And that’s not all. While the debt stock of provincial food departments shows a degree of movement (but no annual clean up), the matters become worse at the federal level. Since at least FY12, outstanding debt for PSEs as of season close (March end) has remained stuck at Rs 200 billion, while it seasonally peaks between Rs 220 – 230 billion (June end). Meanwhile, average volume procured by PASSCO each year has fallen to half a million tons, much of which is financed not through bank borrowings, but instead from annual subsidy provision to the tune of Rs 10 – 20 billion in the federal budget!

What does that mean? In simple terms, that over much of the past decade, PASSCO has not only failed to reduce the outstanding debt stock against past commodity operations, but in fact avails incremental debt largely to service markup on outstanding loans, increasingly caught up in a vicious cycle.

But that only raises further questions, such as, why have subsequent governments not shut down PASSCO after one-time final settlement of its debt, especially as bulk of official procurement has shifted to provinces since 18th amendment?

Turns out, PASSCO may very well be a public sector enterprise, but it was setup nearly half a century ago with capital from GoP, and six commercial banks (four of which have been privatized since). A cursory review of documents available on the web shows that GoP only owns 25 percent of PASSCO’s equity, while the remainder is held with the commercial banks. Understandably then, that 6 out of 8 BoD members of PASSCO also belong to commercial banks.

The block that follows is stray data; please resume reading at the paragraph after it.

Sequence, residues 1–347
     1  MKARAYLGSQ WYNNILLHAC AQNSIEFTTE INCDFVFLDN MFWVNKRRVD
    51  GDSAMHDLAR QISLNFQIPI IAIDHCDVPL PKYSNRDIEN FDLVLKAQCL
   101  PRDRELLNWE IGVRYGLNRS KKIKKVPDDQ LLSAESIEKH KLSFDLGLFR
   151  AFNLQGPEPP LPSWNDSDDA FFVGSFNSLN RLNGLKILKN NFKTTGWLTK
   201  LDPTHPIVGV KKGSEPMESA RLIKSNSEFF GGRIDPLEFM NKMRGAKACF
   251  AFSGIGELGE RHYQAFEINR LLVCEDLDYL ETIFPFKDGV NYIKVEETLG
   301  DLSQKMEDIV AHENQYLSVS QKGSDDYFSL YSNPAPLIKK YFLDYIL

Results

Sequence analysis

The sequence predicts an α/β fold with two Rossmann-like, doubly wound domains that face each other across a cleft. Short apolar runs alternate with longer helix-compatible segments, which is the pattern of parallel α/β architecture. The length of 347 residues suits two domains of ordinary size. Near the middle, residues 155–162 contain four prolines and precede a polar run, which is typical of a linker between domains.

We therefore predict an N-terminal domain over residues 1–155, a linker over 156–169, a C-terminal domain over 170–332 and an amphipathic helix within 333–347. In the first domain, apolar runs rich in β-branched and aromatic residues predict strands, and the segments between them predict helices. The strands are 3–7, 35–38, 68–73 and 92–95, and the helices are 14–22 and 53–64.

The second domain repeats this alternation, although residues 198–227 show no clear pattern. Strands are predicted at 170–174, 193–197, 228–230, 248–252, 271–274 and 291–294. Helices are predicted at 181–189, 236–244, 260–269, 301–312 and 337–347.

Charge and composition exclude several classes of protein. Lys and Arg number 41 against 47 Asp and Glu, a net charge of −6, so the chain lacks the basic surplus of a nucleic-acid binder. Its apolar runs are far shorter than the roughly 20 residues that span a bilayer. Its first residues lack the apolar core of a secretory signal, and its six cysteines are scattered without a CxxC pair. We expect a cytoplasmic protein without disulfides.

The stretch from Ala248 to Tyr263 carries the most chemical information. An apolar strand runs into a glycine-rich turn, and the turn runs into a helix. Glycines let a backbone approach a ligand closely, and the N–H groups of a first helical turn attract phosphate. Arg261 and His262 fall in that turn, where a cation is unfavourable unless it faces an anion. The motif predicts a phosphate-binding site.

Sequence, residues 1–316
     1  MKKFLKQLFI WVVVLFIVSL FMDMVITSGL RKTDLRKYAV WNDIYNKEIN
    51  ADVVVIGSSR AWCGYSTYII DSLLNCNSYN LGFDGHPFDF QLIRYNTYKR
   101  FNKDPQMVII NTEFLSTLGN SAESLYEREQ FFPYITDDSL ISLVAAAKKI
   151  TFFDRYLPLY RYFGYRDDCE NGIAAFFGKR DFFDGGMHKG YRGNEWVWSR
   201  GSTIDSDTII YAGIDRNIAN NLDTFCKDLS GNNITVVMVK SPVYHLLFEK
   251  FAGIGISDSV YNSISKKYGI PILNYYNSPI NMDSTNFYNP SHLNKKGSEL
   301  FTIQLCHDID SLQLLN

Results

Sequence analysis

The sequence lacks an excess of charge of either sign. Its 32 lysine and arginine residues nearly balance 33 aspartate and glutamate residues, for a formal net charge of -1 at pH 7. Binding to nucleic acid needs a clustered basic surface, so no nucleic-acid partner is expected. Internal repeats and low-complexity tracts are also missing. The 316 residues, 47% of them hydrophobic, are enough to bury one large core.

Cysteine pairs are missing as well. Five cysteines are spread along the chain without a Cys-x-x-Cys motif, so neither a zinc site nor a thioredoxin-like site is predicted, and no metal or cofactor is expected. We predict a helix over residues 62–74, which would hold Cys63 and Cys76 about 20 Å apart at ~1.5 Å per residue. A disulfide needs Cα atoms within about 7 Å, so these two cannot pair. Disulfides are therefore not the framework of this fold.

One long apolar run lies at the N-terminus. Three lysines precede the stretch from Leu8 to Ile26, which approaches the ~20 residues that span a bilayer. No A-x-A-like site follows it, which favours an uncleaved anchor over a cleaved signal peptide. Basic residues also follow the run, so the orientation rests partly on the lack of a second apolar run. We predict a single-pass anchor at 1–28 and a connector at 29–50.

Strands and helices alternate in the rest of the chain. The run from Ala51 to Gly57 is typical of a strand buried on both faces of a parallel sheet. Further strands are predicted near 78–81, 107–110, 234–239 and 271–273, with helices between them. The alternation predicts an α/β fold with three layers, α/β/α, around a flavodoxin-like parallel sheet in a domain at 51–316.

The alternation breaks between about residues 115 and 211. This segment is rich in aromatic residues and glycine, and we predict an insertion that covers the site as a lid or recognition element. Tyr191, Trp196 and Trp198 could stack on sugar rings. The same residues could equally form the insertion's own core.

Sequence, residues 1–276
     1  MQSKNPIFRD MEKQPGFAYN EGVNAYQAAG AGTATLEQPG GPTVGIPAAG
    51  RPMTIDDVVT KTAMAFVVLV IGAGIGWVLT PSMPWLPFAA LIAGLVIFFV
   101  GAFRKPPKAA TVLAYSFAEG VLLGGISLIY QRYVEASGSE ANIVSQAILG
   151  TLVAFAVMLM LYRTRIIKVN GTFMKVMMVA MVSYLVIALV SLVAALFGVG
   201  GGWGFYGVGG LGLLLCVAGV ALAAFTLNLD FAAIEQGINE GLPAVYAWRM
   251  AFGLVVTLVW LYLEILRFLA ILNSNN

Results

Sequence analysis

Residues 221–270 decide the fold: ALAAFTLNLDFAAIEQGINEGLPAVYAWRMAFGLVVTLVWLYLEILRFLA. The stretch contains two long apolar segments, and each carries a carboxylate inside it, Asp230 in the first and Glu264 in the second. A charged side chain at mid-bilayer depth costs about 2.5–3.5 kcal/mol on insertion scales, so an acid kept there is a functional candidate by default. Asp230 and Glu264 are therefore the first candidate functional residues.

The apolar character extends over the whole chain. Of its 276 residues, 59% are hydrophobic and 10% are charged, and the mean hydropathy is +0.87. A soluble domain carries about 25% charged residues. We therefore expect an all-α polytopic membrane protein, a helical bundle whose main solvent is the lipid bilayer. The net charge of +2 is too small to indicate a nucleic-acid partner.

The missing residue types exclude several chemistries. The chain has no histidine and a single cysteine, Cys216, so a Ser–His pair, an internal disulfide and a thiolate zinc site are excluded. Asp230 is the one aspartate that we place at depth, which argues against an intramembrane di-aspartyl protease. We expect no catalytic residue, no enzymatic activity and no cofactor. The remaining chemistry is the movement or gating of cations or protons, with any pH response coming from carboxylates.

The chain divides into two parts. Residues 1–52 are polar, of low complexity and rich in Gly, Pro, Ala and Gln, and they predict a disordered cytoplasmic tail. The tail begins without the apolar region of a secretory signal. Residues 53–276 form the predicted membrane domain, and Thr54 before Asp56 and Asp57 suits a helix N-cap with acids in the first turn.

Why does that matter? According to disclosures in annual accounts of one commercial bank, its investment in PASSCO has grown from Rs 5.5 million at inception to Rs 2.73 billion as of December 2020. This for a PSE, which according to SBP, could quickly turn into “an issue as complicated as the circular debt”. So much for moral hazard. But is the central bank fighting back to seek resolution?

Unlike private sector borrowers who avail financing against the liquidation value of pledged wheat stock, public sector borrowing “is mainly backed by letter of guarantee issued by the GoP” (SBP, 2019). That’s because the value of stocks available (or procured) is simply not sufficient to justify outstanding commodity operations debt. So much for its self-liquidating nature.

Meanwhile, excessive regulatory scrutiny involved in extending credit to private sector wheat processors and traders means only those on government’s approved list are able to obtain financing from commercial banks. No surprises that these are same as those with assigned quotas by the Food departments!

This at a time when corruption is routinely alleged in quota allocation by food departments and procurement agencies. That ‘ghost mills’ obtain wheat against quota from the government, and sell it off in the aftermarket, is also an old story. Disappearance of wheat stocks from public sector godowns is also no news.

Yet, existing wheat financing policy effectively crowds out private sector buying by ensuring that wheat processors do not have access to bank credit lines during peak harvest period (April – May). This is of course done in the name of facilitating government targets, but in fact means that a monopsony market is created at the expense of competition.

The mounting public sector commodity operations debt is a story of wilfully ignored moral hazard. But even as all failures in wheat procurement operations point to leakages in the public sector, it is rich that private sector traders are blamed for speculation and hoarding.